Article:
Men's ice hockey, Salt Lake City Olympics, 2002, gold medal: Canada!" The 10.6 million viewers also shattered the previous record of 4.957 million viewers for Game 7 of the 1994 Stanley Cup Finals, according to the CBC. It was also more than any other program in Canadian history except for the 2006 Winter Olympics opening ceremony (12.789 million) and the closing ceremony (12.568 million).
Canada has won the gold medal in ice hockey nine times. The country's only other medal success is a silver medal in curling in 2010.
The Canadians are considered one of the best ice hockey teams in world history. They have won or been close many times, including five consecutive Olympic gold medals from 1998 to 2012.
Canada's national team is made up of players from across the country, with each province having its own team called "Hockey Canada", which is separate from the main organization that controls the women's team. Each province selects their own team members who must be citizens of Canada.
In addition to playing against international opponents, the Canadians play an important role in developing young talent. Nearly half of all NHL players were born in Canada, and over 80 percent of those players were born after 1969, when national team training programs were started.
In the United States, NBC's live broadcast of the gold medal hockey game received a 10.7 rating, the highest-rated Olympic or NHL hockey game since the 1980 Winter Olympics, and the greatest network hockey audience in the United States in 22 years. It also earned an average audience of 24 million people, making it the most-watched event so far this summer.
In Canada, the CBC's delayed broadcast of the gold medal game drew a national household rating of 2.9, the highest-rated program in the network's history. The game also attracted 1.8 million viewers in the 18-49 demographic, besting any previous CBC prime time show.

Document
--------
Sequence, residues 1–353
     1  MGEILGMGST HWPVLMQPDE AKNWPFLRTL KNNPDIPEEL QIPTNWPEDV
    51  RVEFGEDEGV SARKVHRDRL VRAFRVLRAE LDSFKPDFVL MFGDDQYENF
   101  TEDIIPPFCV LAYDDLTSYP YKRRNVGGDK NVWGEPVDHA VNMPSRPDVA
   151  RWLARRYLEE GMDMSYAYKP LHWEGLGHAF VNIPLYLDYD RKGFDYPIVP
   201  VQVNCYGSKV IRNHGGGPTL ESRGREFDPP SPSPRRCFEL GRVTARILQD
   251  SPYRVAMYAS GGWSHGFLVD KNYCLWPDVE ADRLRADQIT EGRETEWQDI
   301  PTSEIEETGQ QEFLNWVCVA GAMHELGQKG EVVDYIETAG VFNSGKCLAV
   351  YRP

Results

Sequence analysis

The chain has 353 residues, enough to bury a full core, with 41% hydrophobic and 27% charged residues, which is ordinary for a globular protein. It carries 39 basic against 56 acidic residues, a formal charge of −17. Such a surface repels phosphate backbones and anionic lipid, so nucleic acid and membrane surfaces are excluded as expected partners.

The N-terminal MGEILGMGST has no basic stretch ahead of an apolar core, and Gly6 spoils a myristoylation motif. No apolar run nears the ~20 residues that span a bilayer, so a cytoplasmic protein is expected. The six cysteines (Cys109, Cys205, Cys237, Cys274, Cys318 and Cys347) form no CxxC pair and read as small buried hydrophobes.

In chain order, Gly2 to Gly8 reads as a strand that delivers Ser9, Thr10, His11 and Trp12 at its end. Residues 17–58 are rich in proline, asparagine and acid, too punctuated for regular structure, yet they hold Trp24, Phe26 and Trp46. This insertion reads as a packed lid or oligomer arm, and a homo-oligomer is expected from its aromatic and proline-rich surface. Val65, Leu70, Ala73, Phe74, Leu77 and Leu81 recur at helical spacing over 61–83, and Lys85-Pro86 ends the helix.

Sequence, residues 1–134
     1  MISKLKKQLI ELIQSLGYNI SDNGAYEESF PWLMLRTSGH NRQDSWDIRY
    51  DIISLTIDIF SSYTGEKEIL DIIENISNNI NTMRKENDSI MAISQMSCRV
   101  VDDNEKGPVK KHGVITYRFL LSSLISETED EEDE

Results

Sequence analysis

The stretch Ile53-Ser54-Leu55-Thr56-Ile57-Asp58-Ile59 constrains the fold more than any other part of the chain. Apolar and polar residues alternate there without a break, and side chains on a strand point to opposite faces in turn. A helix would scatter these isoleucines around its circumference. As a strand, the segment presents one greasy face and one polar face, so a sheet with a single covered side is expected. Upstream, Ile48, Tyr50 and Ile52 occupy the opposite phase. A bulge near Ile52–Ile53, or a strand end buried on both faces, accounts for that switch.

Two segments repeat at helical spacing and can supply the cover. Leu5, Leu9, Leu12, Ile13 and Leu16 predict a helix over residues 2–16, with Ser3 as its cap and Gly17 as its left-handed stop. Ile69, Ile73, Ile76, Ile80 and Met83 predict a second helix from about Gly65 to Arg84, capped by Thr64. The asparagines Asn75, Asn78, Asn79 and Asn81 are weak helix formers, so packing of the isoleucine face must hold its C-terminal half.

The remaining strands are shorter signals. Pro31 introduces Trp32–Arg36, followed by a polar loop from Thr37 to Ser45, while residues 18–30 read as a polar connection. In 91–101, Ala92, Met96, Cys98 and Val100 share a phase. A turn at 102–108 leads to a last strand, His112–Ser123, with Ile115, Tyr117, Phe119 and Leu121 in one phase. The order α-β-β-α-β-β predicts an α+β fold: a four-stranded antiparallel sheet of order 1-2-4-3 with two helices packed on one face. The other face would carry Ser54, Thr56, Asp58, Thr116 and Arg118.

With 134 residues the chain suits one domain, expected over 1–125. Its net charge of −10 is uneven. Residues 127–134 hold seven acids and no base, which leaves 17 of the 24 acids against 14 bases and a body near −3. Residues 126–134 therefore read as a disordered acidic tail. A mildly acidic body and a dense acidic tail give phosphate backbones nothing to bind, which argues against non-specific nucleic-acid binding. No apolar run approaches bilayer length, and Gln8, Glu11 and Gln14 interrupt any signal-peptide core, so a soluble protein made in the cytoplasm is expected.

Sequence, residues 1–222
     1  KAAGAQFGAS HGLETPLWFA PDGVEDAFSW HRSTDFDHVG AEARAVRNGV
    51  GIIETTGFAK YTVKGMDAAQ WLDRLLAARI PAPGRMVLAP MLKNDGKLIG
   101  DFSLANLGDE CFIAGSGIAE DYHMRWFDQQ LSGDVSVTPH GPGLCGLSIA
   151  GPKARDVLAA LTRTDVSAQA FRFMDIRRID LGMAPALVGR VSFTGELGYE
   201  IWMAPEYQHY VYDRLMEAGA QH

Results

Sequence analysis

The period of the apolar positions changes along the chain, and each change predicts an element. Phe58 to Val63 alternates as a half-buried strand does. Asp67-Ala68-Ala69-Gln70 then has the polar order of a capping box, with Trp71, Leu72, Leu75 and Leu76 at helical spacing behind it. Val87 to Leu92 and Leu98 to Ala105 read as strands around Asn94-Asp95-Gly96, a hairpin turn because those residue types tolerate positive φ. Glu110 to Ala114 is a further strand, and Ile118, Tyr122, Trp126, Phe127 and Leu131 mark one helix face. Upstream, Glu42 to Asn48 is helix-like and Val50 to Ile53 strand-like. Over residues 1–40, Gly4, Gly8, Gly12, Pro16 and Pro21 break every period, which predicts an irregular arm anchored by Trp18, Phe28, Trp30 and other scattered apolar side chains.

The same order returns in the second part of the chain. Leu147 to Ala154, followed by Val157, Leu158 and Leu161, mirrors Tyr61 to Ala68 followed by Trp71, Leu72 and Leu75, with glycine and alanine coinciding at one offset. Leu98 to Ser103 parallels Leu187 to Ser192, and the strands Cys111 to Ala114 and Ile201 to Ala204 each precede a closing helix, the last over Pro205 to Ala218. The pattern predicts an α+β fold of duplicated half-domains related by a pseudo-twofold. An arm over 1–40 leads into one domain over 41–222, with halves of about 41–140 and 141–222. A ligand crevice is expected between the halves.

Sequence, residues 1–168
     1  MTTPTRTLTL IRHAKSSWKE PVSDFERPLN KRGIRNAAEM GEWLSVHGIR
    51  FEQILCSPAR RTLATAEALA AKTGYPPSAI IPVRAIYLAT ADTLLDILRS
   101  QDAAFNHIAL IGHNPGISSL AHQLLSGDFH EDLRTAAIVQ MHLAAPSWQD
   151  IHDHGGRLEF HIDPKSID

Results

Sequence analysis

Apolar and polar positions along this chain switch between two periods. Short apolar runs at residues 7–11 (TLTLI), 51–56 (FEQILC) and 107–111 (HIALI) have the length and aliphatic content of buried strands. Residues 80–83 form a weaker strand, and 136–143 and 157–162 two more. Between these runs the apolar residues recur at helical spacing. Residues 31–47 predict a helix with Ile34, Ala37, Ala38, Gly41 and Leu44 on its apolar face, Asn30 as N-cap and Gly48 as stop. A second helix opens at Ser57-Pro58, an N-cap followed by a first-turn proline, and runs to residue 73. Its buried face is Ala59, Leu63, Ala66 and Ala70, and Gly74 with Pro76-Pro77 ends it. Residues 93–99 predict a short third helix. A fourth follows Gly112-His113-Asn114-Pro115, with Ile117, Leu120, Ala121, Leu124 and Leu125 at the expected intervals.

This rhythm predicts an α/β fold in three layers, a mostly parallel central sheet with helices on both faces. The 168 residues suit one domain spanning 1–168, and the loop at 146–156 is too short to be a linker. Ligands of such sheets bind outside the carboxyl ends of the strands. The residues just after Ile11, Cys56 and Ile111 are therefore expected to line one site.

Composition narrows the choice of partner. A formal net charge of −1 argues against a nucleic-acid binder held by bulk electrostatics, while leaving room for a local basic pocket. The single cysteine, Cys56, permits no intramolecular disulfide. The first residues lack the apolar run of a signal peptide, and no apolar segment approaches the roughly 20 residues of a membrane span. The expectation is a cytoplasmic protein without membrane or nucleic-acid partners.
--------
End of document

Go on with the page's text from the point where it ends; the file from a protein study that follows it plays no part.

The Vancouver action drew strong audiences throughout most of North America. In the United States, the game averaged a 12.4 rating/25 share in the key adult demographic on NBC, making it the highest-rated event so far this summer. It also earned a 16.3 rating/30 share in Canada, where it topped all other programming except for the opening ceremony and curling.
These numbers make the gold medal game the most-watched event thus far this summer. They're also up from last year's game, which averaged a 9.0 rating in the United States and 1.5 in Canada.
There have been many comparisons between today's game and the 1972 Munich massacre game.
Canada achieved a new national record with 17 Winter Olympic medals, including seven gold. Canada's return to ice hockey prominence was one of the Games' major storylines, as both the men's and women's teams won gold, defeating the home favorite Americans in each final. The men's 5-2 victory broke a 50-year gold medal drought. The women's game was more closely contested, with the United States taking the lead early on but Canada responding with three straight wins to take top spot.
The Canadian men's team had never before won gold at a Winter Olympics. They were led by young stars Ryan Miller of Whistler, B.C., and Jonathan Toews of South Town, Manitoba, who together became only the second pair of teammates to win gold medals at two different events (the other being Soviet goalie Vladislav Tretiak and American player Wayne Gretsky). The Canadians also captured the imagination with their flashy "passing" style of play, which relied heavily on quick shots from the point (the name given to the area directly in front of the net where players like to shoot because balls are usually there to be scored on).
In addition to winning gold, the Canadian women's team set a new Olympic record by winning the first four games of their semifinal match against Sweden, before losing 4-1. The Canadians rebounded from that defeat by beating Russia 7-0 to claim their third consecutive gold medal in women's ice hockey.